A frequent complaint found on a number of threads on this Forum is the harsh sounding upper octaves on the FP-7F, at least over the internal speakers. I and other FP-7F owners have also frequently pointed out how that harshness can be mitigated with a little patient tweaking of the Piano Designer subfunctions. Here we go again: (1) Decrease Duplex Scale to 1 or 0 (I also increase String Resonance to 7, Cabinet Resonance to 7 and turn off Reverb, and set Lid at 6 or 3 depending on the music -- but these are my personal preferences, not prescriptive); (2) Change setting of Stretch Tuning from Preset to User and adjust individual keys per the invaluable recommendations of DazedAndConfused in the thread called "The FP-7F Thread".

You can eliminate a lot of the bass boominess in the speakers by going to Equalizer 4 and making the curve flat except for very gradually rolling off below 1K one db at a time only until the boomness disappears but the lowest octaves aren't thinned out too much.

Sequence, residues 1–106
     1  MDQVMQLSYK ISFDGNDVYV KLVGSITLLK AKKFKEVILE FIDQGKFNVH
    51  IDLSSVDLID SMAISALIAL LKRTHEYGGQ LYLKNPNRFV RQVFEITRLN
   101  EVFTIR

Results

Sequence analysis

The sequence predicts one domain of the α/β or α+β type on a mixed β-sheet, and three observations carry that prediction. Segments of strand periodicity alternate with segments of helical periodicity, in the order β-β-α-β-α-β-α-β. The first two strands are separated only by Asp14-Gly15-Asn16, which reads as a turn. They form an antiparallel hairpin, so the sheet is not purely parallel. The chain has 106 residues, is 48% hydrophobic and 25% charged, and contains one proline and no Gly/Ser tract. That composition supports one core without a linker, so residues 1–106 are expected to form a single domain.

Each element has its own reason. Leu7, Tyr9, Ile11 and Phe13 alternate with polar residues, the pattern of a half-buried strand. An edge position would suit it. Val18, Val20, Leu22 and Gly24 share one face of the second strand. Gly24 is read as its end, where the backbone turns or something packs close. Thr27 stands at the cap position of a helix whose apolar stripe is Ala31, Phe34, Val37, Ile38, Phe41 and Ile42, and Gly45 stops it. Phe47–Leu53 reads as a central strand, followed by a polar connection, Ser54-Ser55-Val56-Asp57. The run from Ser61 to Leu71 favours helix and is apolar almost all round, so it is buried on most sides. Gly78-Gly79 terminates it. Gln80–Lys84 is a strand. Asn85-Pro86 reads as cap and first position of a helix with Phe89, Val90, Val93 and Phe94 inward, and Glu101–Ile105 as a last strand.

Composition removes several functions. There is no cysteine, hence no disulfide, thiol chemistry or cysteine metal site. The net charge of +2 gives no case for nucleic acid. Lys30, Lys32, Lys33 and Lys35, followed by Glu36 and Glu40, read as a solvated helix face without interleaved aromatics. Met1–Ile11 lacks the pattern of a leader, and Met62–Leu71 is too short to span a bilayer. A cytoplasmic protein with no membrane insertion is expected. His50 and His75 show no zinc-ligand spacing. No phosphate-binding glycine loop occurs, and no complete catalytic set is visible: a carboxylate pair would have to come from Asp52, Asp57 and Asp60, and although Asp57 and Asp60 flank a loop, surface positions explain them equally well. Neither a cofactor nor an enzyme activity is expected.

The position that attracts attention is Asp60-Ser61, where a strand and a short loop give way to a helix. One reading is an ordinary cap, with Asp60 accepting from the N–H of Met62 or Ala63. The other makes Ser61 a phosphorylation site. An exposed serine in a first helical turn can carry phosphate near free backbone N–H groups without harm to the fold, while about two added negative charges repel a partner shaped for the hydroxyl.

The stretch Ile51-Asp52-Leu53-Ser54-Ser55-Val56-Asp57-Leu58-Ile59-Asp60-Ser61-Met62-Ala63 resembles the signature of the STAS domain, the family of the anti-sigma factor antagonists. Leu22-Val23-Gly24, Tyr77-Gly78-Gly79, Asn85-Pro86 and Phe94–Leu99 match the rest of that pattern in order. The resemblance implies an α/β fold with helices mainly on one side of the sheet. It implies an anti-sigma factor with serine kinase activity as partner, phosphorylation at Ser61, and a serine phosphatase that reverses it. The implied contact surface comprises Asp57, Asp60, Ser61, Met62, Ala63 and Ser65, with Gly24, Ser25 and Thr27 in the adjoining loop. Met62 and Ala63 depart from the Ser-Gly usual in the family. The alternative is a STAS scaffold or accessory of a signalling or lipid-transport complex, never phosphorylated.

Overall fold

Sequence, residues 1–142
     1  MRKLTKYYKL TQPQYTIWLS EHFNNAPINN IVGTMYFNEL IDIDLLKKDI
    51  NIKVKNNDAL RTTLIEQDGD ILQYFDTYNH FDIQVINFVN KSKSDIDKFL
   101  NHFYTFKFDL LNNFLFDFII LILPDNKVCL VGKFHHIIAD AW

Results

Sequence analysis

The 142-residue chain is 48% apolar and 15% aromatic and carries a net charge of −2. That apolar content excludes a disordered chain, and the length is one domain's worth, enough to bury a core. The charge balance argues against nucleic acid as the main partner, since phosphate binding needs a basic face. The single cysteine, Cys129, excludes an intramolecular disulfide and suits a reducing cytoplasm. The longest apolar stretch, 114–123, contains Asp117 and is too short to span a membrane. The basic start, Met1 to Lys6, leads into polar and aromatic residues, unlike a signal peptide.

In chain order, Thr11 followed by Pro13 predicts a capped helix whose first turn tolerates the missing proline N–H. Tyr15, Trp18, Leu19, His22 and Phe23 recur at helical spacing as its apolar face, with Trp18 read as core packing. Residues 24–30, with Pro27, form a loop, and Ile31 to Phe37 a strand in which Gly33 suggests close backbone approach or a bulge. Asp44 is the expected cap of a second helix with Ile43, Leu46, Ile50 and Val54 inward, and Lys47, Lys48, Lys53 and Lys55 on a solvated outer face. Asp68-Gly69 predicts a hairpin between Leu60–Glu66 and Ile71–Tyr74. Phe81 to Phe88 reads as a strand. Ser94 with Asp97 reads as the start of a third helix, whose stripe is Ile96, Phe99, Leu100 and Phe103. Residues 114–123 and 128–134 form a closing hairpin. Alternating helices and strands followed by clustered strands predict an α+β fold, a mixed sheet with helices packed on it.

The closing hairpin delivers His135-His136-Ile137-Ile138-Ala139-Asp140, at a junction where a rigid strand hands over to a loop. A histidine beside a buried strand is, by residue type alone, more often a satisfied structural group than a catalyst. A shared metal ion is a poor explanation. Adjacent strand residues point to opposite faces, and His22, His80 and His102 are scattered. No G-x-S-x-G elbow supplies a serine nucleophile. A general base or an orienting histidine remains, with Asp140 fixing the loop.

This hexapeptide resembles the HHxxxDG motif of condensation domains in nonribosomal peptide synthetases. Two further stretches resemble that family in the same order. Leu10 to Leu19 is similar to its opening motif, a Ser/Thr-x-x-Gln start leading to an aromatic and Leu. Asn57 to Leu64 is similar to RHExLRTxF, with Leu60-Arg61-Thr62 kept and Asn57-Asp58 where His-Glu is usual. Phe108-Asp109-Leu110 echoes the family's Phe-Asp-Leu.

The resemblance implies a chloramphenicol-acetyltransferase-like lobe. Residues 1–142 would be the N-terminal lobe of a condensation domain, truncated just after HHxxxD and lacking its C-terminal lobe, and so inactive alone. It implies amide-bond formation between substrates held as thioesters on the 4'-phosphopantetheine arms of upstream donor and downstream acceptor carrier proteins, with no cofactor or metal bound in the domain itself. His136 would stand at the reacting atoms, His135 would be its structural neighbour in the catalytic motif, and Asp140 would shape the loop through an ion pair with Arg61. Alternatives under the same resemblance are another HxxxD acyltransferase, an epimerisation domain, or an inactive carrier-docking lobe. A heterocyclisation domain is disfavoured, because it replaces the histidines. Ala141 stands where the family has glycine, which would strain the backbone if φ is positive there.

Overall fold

That's my longwinded way of stating that anyone can, like me, play around with the extensive adjustability Roland provides of the FP-7F APs until eventually they sound pretty good through the internal speakers, despite those speakers' out-of-the-box inadequacies.

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#1821638 - 01/09/12 04:31 PM Re: My Roland FP-7F Review [Re: moleskincrusher]
sentient Offline
Full Member

Registered: 12/27/11
Posts: 32
Thanks for the great review. The key noise is really a thing to think about, especially if other families live one floor deeper.

Crashtest, would it maybe be possible to shortly record some organ sounds of the fp7f and upload them? I would really like to know if they re comparable to the fantastic organs of the mp 6.


Thanks again ;=)

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#1826014 - 01/16/12 04:32 PM Re: My Roland FP-7F Review [Re: CrashTest]
Anders M Offline
Junior Member

Registered: 10/11/11
Posts: 18